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Fossils Fascinate Cardozo Students
Fossils, dinosaur bones, and the curved claws of a velociraptor "a la Jurassic Park" fascinated students of Cardozo Middle School when Carolyn McMillan of the Mother Lode Mineral Society gave a talk on the items she has collected over the years.

She has dug up fossils, she explained at the school on Jan. 15, everywhere from the Mojave Desert to Utah and California's coastal mountain range where they were deposited as the ocean water flooded through passes, receded and then flooded again across the Central Valley over millions of years.

McMillan was invited by Cardozo teacher Marjorie Retzloff and spoke at intervals to five classes about her collection she had set up on long tables at the front of the classroom.

"You can lecture children at length about fossils until their eyes become glazed," she said. "But when they can actually touch and hold a dinosaur bone, or tooth or claw, they get quite excited," she said.

McMillan is a member of the Society that will present its 44th annual Gem, Jewelry & Rock Show this year on March 13 and 14 at the Stanislaus County Fairgrounds in Turlock.

Talking about jewelry, she displayed her necklace of beads streaked with the colors of minerals and composed of "coprolite" or dried and hardened dinosaur excrement.

Her favorite fossil is a trilobite found in clay laid down about 350 million years ago.

The trilobite was a very early, very primitive marine creature but the first creature to have eyes and the amazing number of 74 lenses. Paleontologists are not sure what it could see but think its only method of self defense was to roll up in a ball.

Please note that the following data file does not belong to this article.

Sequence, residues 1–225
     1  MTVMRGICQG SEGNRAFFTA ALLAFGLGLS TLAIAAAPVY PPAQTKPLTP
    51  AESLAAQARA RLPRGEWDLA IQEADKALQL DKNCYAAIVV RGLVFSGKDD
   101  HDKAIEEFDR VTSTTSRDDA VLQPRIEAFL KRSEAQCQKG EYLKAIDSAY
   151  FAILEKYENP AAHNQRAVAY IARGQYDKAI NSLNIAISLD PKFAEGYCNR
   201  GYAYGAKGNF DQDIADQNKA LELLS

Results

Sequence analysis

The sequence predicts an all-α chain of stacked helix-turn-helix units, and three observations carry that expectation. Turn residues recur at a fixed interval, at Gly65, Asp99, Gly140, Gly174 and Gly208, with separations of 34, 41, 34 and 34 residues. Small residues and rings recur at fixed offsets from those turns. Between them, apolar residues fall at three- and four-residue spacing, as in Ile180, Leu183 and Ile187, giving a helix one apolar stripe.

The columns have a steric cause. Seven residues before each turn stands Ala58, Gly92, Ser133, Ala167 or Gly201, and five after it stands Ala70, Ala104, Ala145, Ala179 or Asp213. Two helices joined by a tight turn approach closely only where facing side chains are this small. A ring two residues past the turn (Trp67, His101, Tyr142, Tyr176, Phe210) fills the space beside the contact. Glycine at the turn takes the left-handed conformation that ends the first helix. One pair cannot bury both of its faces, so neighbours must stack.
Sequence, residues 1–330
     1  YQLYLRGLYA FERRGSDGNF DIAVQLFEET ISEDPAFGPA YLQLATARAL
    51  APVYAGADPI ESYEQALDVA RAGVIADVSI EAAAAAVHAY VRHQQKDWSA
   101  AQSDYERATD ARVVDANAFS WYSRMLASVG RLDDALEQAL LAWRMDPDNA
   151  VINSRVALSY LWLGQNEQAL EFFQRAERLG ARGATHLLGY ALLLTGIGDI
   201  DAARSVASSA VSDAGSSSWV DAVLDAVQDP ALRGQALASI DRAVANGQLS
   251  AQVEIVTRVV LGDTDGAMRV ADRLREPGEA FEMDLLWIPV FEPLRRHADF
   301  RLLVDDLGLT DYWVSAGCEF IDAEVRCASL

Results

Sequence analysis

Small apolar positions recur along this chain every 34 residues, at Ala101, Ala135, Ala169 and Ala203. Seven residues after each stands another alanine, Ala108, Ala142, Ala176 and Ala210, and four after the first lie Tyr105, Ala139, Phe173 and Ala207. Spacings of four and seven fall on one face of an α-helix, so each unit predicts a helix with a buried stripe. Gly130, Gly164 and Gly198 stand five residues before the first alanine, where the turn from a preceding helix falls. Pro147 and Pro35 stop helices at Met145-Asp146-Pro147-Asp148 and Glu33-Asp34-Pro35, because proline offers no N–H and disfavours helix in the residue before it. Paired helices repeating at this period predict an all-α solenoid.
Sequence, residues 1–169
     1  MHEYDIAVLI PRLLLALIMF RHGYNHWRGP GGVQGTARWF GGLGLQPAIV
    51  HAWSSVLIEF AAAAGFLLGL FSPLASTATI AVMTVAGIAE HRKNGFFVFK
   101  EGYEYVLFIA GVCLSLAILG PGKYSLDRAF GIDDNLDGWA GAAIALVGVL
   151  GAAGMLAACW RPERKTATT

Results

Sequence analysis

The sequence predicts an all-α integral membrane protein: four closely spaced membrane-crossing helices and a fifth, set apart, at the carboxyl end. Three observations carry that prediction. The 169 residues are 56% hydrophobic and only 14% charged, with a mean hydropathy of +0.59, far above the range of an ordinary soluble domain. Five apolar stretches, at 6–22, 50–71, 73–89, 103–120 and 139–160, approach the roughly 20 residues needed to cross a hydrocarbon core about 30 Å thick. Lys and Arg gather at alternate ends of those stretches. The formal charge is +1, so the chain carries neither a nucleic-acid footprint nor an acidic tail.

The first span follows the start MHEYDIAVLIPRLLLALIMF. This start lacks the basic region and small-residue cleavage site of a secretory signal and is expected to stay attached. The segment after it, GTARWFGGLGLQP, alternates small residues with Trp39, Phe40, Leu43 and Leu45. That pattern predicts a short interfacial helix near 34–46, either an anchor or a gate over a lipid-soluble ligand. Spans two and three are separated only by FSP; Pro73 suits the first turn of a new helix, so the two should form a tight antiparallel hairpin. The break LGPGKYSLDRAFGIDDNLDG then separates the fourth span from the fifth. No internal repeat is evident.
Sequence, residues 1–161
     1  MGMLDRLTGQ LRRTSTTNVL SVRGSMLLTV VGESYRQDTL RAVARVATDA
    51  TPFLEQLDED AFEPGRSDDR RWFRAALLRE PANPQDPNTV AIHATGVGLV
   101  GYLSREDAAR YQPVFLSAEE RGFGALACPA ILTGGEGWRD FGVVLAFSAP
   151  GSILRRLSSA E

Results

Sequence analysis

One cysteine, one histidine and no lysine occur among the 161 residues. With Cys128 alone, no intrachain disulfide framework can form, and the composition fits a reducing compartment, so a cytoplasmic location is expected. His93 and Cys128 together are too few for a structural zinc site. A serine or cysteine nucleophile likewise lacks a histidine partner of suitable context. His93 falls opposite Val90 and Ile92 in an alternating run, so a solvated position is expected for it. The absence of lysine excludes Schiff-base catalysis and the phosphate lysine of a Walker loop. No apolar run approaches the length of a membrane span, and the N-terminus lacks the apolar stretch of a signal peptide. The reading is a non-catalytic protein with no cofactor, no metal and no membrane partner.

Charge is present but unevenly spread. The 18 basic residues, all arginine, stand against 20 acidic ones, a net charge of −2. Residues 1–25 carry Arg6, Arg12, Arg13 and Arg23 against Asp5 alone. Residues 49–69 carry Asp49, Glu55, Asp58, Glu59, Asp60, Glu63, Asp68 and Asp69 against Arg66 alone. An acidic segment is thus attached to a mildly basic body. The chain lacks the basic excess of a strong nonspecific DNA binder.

McMillan talked about a giant prehistoric shark, which had 300 teeth and a mouth about twice as large as the great white, the largest shark existing today.

Collectors buy and sell fossils among themselves, she noted, rating some as very valuable and drawing prices as high as $7,000 for a piece of fur from a saber-toothed tiger.

She has brought with her a replica of the skull and jaw of the saber-toothed tiger and its notorious curving teeth. Most members of the cat family have long tails they use for balance in jumping and running. But the saber tooth lacked that tail and probably attacked at close range from ambush.

Dinosaurs like the brontosaurus are represented in museums as standing as high as 40 feet. But that is without the long destroyed cartilage between the vertebrae that by her estimation would make them 60 feet or so tall in real life.